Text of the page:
Restaurant offers bike race-inspired French dessert

February 26, 2010 7:09:54 PM PST
Some desserts are inspired by ingredients. Others are apparently influenced by major events. ABC7 Chicago's Hungry Hound says there is a new restaurant in the Gold Coast with a hidden gem: a traditional French dessert that was created based on a famous bicycle race. Before the Tour de France, there was the Paris-Brest, a marathon bike race from Paris to Brest and back again. The race inspired a dessert, which is shaped like a bicycle tire. It's being created with passion - and a lot of hazelnuts - at one of the restaurants inside the gleaming new Elysian Hotel.

Alissa Wallers has a big job. As pastry chef for the entire Elysian Hotel in the Gold Coast, she oversees the sweets for both its high-end restaurant, as well as its more casual one, Balsan. One of that restaurant's stellar desserts is proving to be the Paris-Brest.

"It was designed like most French pastries out of tradition. So, it was made in the shape of a bicycle wheel, and it was named after a bicycle race that was between the city of Paris and the city of Brest," said Wallers.

Wallers begins by making a traditional 'choux' pastry: butter, sugar, milk and water are slowly heated in a pot. She adds flour to thicken it. Everything is transferred to the bowl of a standmixer, where she begins adding eggs for volume. The beater runs for several minutes. The batter is transferred to a pastry bag so it can be piped out onto a baking sheet. Each piece gets an egg wash, and a few caramelized hazelnuts.

Time to make the nougatine: powdered sugar, glucose and butter are whisked pretty vigorously, then it's poured out onto some paper, covered, and thinned out with a rolling pin. A handful of chopped hazelnuts are sprinkled on top, and the nougatine is baked until crisp. Once it's baked, it's chopped up into tiny pieces, which will eventually find a home within the pastry later.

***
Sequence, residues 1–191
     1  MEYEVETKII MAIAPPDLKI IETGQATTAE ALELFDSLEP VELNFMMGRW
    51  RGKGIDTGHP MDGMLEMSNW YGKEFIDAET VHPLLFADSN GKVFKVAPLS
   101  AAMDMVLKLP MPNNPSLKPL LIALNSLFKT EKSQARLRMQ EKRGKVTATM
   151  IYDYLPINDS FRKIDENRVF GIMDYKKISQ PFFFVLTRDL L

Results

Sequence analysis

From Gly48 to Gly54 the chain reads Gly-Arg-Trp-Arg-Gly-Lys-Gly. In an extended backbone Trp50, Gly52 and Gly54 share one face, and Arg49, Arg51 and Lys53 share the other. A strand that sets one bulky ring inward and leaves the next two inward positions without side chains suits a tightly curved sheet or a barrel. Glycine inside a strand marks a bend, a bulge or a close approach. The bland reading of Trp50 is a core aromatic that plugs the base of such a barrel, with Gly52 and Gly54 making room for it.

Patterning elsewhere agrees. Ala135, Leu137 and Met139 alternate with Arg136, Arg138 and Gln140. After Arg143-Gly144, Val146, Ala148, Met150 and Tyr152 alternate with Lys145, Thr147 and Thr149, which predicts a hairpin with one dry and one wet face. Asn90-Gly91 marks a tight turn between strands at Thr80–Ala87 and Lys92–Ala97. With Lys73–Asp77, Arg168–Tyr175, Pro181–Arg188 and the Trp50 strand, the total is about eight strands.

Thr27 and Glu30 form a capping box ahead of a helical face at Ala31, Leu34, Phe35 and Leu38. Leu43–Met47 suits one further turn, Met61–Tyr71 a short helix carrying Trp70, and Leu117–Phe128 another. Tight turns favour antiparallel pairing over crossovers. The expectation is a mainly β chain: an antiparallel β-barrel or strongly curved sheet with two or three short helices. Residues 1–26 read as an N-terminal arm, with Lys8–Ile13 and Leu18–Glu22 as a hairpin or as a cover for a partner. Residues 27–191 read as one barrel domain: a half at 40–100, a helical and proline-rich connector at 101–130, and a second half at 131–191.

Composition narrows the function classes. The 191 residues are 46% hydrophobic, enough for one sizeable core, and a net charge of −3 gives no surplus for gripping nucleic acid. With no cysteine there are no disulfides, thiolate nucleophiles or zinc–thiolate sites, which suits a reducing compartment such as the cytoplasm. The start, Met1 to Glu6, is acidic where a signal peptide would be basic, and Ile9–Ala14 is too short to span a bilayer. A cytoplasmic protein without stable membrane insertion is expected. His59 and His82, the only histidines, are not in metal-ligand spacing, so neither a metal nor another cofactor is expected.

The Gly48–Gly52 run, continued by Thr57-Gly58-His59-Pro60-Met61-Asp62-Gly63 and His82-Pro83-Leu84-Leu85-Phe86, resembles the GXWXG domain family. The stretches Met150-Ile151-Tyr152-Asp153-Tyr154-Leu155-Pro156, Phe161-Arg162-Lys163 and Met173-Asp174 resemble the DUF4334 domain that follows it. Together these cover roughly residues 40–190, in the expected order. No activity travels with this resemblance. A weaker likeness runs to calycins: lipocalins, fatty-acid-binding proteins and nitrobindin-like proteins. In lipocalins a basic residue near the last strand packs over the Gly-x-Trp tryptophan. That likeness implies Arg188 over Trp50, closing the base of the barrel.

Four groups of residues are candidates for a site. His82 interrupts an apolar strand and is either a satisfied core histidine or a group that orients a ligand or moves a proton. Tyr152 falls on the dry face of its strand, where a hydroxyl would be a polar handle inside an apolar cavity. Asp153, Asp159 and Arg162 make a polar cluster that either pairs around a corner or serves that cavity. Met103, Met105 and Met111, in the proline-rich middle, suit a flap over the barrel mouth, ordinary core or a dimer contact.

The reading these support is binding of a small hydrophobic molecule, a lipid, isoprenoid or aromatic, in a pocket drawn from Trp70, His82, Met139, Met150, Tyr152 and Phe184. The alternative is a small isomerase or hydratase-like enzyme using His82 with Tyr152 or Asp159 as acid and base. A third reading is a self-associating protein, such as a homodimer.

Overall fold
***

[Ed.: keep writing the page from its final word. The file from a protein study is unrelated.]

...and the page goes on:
Now comes the filling: heavy cream and pure vanilla beans, whipped until soft peaks, plus a little gelatin. Then, the secret weapon - praline paste - which gets incorporated into that creamy filling.

"Those are caramelized hazelnuts and once they're caramelized, they are then put into a food processor,and it's jut blended until it is a really great, rich peanut butter-type consistency," Wallers said.

Now, it's time for assembly: the baked choux pastry is sliced in half; praline cream is piped onto the bottom, then a sprinkling of the chopped nougatine, plus another decadent layer of praline cream, followed by the other half of the pastry. It is simultaneously creamy and crunchy.

"We work very hard to make sure that we have that nice crunch on the outside with the choux, but it's still nice and moist and tender on the inside. Everybody in pastry is taking great pride in this little dessert and we, we are constantly making sure that it's, every one is going out crispy and tender on the outside," said Wallers.

The Paris Brest is available on both the lunch and dinner menus at Balsan, and it costs just $5.

Balsan, inside Elysian Hotel
11 E. Walton